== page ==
We think we know how to fix the world, but do we know how we relate to it?

Perhaps the best way to reflect upon the first decade of the RTI Act might be to introspect. What is our imagination of the role of the state and our relationship with it? What is the role of the market and our relationship with it? Is legislation the only way to define and mediate these relationships? When we talk about transparency and accountability, why do we think only of the state? Is the state the only location of power? And if it is not, should we not be thinking about holding power to account rather than the state? And how is this to be done individually, collectively, and politically?

Until we are willing to expand our imagination of social change beyond rights and legislation, we might discover that the more we know, the less we understand.

The writer is a Fellow of the Open Society Foundations, New York and Visiting Research Fellow at the United Nations Research Institute for Social Development (UNRISD), Geneva. He is the author of Democracy and Transparency in the Indian State: The Making of the Right to Information Act. He can be reached at prashantx@gmail.com

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An ambassador and trained facilitator under Eco Femme (a social enterprise working towards menstrual health in south India), Sanjina is also an active member of the MHM Collective- India and Menstrual Health Alliance- India. She has conducted Menstrual Health sessions in multiple government schools adopted by Rotary District 3240 as part of their WinS project in rural Bengal. She has also delivered training of trainers on SRHR, gender, sexuality and Menstruation for Tomorrow’s Foundation, Vikramshila Education Resource Society, Nirdhan trust and Micro Finance, Tollygunj Women In Need, Paint It Red in Kolkata.

Now as an MH Fellow with YKA, she’s expanding her impressive scope of work further by launching a campaign to facilitate the process of ensuring better menstrual health and SRH services for women residing in correctional homes in West Bengal. The campaign will entail an independent study to take stalk of the present conditions of MHM in correctional homes across the state and use its findings to build public support and political will to take the necessary action.

Saurabh has been associated with YKA as a user and has consistently been writing on the issue MHM and its intersectionality with other issues in the society. Now as an MHM Fellow with YKA, he’s launched the Right to Period campaign, which aims to ensure proper execution of MHM guidelines in Delhi’s schools.

The long-term aim of the campaign is to develop an open culture where menstruation is not treated as a taboo. The campaign also seeks to hold the schools accountable for their responsibilities as an important component in the implementation of MHM policies by making adequate sanitation infrastructure and knowledge of MHM available in school premises.

Read more about his campaign.

Harshita is a psychologist and works to support people with mental health issues, particularly adolescents who are survivors of violence. Associated with the Azadi Foundation in UP, Harshita became an MHM Fellow with YKA, with the aim of promoting better menstrual health.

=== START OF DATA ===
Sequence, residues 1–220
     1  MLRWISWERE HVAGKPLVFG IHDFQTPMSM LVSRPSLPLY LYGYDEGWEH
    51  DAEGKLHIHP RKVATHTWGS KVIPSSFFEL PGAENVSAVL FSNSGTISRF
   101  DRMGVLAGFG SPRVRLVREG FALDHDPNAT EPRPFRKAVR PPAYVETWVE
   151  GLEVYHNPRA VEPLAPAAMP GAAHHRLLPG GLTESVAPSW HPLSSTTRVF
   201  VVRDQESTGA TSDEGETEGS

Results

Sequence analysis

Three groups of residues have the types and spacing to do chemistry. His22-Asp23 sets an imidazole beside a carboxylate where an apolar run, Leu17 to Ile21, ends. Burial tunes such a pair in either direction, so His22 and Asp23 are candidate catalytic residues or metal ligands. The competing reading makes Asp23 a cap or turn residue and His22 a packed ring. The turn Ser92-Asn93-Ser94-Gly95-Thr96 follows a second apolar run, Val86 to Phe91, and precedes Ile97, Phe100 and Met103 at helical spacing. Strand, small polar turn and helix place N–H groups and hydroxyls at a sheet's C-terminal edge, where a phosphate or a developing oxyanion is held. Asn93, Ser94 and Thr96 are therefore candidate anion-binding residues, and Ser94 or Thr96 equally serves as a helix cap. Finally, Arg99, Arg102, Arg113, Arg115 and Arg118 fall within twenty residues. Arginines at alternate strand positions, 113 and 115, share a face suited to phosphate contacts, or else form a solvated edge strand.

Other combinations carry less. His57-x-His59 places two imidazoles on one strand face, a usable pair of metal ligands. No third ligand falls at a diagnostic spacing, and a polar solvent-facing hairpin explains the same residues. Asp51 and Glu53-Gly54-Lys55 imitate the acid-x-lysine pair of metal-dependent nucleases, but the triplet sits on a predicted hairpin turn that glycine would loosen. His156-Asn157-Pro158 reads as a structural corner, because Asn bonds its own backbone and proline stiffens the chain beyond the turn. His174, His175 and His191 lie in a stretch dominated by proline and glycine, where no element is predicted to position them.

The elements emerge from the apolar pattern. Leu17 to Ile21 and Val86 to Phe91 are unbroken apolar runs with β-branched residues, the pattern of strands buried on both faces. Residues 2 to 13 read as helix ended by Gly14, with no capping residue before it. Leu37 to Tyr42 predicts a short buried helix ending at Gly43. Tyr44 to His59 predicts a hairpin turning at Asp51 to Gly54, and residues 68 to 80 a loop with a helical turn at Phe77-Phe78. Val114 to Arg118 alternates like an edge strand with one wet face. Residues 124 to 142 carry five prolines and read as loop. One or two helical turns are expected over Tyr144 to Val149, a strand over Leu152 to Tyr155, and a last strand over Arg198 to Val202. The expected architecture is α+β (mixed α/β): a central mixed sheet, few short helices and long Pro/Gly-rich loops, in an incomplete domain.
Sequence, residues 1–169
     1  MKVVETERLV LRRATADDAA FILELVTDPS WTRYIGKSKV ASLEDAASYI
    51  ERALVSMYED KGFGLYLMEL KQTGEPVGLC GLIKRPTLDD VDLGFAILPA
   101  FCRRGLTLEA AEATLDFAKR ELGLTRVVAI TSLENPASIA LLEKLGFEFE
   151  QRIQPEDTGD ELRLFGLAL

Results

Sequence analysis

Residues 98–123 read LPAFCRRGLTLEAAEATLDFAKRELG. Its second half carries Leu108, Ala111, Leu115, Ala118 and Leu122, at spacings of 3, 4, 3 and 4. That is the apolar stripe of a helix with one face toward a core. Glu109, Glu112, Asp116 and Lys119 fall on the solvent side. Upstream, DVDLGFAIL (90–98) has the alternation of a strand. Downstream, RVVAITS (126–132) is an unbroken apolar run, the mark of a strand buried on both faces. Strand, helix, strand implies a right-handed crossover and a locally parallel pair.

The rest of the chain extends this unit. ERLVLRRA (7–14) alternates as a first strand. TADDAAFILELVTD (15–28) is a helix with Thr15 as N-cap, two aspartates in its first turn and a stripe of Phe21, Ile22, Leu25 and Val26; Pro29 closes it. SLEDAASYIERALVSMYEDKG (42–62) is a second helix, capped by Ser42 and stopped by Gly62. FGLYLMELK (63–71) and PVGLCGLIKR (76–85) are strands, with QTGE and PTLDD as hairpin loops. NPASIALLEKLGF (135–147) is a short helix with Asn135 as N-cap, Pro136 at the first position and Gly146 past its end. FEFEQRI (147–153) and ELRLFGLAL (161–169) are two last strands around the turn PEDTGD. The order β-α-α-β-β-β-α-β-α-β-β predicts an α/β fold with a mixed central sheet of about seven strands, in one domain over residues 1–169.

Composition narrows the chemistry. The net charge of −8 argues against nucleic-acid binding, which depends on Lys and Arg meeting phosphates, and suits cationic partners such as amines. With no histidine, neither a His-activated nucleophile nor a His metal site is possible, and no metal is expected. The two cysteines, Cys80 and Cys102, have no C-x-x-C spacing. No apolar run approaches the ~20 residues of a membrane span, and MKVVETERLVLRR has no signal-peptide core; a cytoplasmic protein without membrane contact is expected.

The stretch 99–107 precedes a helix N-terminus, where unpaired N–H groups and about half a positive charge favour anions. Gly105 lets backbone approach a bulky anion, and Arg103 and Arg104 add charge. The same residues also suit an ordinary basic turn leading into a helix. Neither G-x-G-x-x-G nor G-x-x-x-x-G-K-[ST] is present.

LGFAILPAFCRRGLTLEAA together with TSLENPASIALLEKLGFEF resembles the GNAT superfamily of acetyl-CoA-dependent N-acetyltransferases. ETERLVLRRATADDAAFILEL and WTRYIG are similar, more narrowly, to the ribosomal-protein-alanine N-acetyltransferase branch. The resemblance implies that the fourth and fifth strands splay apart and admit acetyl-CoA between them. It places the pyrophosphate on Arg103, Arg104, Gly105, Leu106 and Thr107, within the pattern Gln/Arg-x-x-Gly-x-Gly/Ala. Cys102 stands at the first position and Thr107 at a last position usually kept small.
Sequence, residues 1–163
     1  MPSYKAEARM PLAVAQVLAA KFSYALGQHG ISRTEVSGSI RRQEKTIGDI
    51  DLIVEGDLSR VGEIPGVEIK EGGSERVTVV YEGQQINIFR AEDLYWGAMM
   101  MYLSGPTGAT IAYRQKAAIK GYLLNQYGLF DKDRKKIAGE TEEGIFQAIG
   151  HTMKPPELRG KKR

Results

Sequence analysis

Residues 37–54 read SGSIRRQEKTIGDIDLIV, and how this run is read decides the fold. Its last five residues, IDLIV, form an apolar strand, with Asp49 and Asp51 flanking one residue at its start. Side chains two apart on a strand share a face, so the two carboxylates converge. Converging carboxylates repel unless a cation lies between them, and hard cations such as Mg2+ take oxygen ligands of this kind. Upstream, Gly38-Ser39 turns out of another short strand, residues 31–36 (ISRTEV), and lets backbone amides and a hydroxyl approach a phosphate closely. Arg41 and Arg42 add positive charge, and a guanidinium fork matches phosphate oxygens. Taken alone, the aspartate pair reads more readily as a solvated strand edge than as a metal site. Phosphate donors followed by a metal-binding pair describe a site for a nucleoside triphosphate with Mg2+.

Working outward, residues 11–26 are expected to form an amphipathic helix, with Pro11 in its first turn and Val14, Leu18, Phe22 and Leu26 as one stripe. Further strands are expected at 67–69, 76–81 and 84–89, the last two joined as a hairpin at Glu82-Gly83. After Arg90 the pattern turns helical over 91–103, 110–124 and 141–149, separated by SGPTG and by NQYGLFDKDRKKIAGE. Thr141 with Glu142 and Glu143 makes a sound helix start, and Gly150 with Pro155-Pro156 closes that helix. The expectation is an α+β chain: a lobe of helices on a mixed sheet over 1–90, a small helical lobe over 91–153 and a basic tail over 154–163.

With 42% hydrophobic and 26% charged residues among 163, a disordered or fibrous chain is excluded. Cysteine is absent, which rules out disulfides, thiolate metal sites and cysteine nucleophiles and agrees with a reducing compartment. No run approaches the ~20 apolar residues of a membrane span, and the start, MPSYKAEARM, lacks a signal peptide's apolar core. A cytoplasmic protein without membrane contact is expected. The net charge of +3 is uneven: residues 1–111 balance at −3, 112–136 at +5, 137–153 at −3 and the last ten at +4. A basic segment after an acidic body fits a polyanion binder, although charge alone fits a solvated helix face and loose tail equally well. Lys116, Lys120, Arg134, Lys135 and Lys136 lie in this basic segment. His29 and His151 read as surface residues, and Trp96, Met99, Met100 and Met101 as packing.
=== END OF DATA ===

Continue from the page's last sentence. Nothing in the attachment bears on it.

Her campaign #MeriMarzi aims to promote menstrual health and wellness, hygiene and facilities for female sex workers in UP. She says, “Knowledge about natural body processes is a very basic human right. And for individuals whose occupation is providing sexual services, it becomes even more important.”

Meri Marzi aims to ensure sensitised, non-discriminatory health workers for the needs of female sex workers in the Suraksha Clinics under the UPSACS (Uttar Pradesh State AIDS Control Society) program by creating more dialogues and garnering public support for the cause of sex workers’ menstrual rights. The campaign will also ensure interventions with sex workers to clear misconceptions around overall hygiene management to ensure that results flow both ways.

Read more about her campaign.

MH Fellow Sabna comes with significant experience working with a range of development issues. A co-founder of Project Sakhi Saheli, which aims to combat period poverty and break menstrual taboos, Sabna has, in the past, worked on the issue of menstruation in urban slums of Delhi with women and adolescent girls. She and her team also released MenstraBook, with menstrastories and organised Menstra Tlk in the Delhi School of Social Work to create more conversations on menstruation.

With YKA MHM Fellow Vineet, Sabna launched Menstratalk, a campaign that aims to put an end to period poverty and smash menstrual taboos in society. As a start, the campaign aims to begin conversations on menstrual health with five hundred adolescents and youth in Delhi through offline platforms, and through this community mobilise support to create Period Friendly Institutions out of educational institutes in the city.

Read more about her campaign. 

A student from Delhi School of Social work, Vineet is a part of Project Sakhi Saheli, an initiative by the students of Delhi school of Social Work to create awareness on Menstrual Health and combat Period Poverty. Along with MHM Action Fellow Sabna, Vineet launched Menstratalk, a campaign that aims to put an end to period poverty and smash menstrual taboos in society.